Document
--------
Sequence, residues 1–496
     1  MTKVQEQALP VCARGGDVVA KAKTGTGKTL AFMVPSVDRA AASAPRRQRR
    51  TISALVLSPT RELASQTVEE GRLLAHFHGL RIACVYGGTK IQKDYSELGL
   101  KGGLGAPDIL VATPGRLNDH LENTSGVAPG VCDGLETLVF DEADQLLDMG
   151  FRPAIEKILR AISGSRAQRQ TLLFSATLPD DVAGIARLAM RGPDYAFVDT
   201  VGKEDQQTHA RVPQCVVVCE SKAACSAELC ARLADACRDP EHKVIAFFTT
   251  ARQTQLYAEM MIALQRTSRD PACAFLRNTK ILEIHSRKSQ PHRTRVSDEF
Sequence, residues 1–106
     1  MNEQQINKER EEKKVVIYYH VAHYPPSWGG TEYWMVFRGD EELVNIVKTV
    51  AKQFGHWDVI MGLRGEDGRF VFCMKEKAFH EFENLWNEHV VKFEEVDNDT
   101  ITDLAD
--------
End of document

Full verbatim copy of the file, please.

Sequence, residues 1–496
     1  MTKVQEQALP VCARGGDVVA KAKTGTGKTL AFMVPSVDRA AASAPRRQRR
    51  TISALVLSPT RELASQTVEE GRLLAHFHGL RIACVYGGTK IQKDYSELGL
   101  KGGLGAPDIL VATPGRLNDH LENTSGVAPG VCDGLETLVF DEADQLLDMG
   151  FRPAIEKILR AISGSRAQRQ TLLFSATLPD DVAGIARLAM RGPDYAFVDT
   201  VGKEDQQTHA RVPQCVVVCE SKAACSAELC ARLADACRDP EHKVIAFFTT
   251  ARQTQLYAEM MIALQRTSRD PACAFLRNTK ILEIHSRKSQ PHRTRVSDEF
Sequence, residues 1–106
     1  MNEQQINKER EEKKVVIYYH VAHYPPSWGG TEYWMVFRGD EELVNIVKTV
    51  AKQFGHWDVI MGLRGEDGRF VFCMKEKAFH EFENLWNEHV VKFEEVDNDT
   101  ITDLAD